Sexting refers to the sharing of inappropriate or sexually explicit content via text messaging. Importantly, sexting does not require a smartphone. Any phone with a camera can be used to generate illicit content, and any phone with the ability to display a picture can be used to view material sent via text message. Most feature phones today support both of these capabilities.
The Associated Press reported in December 2009 that more than one-in-four teenagers have sexted in some form.
The National Campaign to Prevent Teen and Unplanned Pregnancy, a non-profit organization, attempted to quantify just how widespread the practice was in a poll of individuals aged 13-26. The numbers were alarming. Twenty percent of teens aged 13-19 admitted to having sent or posted nude or partially nude pictures or video of themselves. Additionally, 39 percent of those surveyed acknowledged sending sexually explicit text messages, emails, or instant messages. Three-quarters of the teens polled understood that sending such messages, pictures, and video could engender negative outcomes, but it clearly was not enough of a deterrent to preclude enough from doing so.6
High school and junior high school students engage in most sexting, although the usage has spread across older age groups. In fact there are reports of an emergent epidemic of sexting among retired senior citizens. (I wish I was making that up.)
The most common reason cited for sexting include:
- To be “fun or flirtatious” (66%)
- As a “sexy present” from a teen girl to her boyfriend (52%)
- In response to having received it (44%)
- As a joke (40%)7
Peer groups figure large in the spread of sexting. 51% of teen girls say pressure from a guy is the main reason for sending inappropriate photos, while only 18% of teen boys cited pressure from girls as their reason for doing it.8 Almost 1 in 4 teenagers say they were pressured by friends into sending or posting sexual content.9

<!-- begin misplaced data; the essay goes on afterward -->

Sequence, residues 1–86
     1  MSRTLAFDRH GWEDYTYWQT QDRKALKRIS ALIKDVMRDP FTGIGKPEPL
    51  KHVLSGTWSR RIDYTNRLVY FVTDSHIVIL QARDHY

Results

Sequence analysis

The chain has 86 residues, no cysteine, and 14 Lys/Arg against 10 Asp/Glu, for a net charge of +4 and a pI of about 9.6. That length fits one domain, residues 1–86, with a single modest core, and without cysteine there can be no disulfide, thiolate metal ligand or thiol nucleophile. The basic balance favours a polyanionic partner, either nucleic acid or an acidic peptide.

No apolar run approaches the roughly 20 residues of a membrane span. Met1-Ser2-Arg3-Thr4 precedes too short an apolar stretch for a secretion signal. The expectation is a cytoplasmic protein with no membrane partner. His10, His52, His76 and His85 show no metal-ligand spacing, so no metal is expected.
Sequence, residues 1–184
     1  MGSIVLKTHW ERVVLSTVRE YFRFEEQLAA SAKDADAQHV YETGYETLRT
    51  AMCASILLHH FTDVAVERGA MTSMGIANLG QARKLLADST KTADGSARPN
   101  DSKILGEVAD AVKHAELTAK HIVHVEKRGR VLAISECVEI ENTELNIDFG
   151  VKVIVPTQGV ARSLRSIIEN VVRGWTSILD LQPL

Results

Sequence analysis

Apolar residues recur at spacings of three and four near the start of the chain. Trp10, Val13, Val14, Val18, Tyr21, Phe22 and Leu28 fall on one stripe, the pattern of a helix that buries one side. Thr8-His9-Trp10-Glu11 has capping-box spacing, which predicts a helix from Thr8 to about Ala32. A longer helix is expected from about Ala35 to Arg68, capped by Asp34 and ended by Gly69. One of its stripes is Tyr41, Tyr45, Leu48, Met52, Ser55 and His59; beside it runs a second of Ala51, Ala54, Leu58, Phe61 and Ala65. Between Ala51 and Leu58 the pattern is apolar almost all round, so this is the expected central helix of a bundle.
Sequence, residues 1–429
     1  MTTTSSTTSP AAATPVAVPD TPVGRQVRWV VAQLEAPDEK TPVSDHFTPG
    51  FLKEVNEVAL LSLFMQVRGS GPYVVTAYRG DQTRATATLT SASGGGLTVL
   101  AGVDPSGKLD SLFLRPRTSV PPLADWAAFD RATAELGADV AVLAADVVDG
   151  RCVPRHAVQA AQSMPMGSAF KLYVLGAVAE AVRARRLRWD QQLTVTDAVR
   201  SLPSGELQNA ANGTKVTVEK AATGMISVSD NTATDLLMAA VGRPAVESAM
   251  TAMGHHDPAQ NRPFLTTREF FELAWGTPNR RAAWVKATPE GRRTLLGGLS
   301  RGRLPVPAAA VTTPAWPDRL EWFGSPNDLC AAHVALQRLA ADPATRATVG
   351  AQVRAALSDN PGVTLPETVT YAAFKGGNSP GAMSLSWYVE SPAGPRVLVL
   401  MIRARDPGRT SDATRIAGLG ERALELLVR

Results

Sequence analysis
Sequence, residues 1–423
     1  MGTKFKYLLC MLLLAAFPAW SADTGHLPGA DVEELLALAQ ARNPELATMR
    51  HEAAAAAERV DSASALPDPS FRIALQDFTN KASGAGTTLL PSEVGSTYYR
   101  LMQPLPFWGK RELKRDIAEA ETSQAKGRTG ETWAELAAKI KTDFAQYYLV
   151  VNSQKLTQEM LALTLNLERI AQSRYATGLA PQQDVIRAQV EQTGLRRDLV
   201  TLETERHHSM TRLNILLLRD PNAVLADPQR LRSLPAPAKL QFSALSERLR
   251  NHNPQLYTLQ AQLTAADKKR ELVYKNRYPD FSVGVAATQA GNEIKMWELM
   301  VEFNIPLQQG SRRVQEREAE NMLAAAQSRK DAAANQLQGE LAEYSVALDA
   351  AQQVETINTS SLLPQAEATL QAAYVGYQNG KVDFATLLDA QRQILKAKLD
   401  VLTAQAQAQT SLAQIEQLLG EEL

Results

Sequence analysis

In some states, taking nude pictures of a minor legally constitutes child pornography, even when the pictures are taken by minors. In most states, lawmakers and prosecutors understand the difference between teenagers engaging in foolish and inappropriate actions and adults producing and distributing child pornography to other adults. Of course, at the governmental level you can’t just sit back and do nothing.
Those who support criminal prosecution of teens under our existing child pornography laws will no doubt point to the time-honored rationale of deterrence as the foundation for moving forward on such grounds. Some prosecutors may also initially charge the teens with the heaviest, most punitive of charges to frighten them and not have the real intent to go forward with them.10
In some cases, state prosecutors have had no choice under existing laws but to charge teens under child pornography laws, requiring that those convicted register as sex offenders. Finding the balance has been a challenge as laws catch up with this growing social phenomenon.
Nevertheless, states are enacting their own statutes, trying to carve a middle path between completely decriminalizing sexting on one hand and prosecuting teens as sex offenders on the other. Bills or resolutions have been introduced in at least 20 states, according to the National Conference of State Legislatures, and new legislation has been enacted in at least 10 states. Most of those bills aim to lessen the penalties for sexting by treating it as a misdemeanor or other low-level infraction instead of a felony sex offense. In Illinois, for instance, teens who forward or post online racy pictures of their underage classmates would get juvenile court supervision that could result in mandatory counseling or community service.11
Apart from the obviously spiritual and moral issues associated with sexting, the personal cost can be high.
At the same time, some observers say that teens who send explicit photos of themselves are leaving themselves vulnerable to victimization. For example, a recipient could forward the photo to other people or post it online. In one high-profile tragedy, 18-year-old Jessica Logan of Cincinnati committed suicide after a photo she sent to her boyfriend was more widely circulated.12
Such tragic stories underscore the importance of parental relationship and involvement in the online behaviors of our children.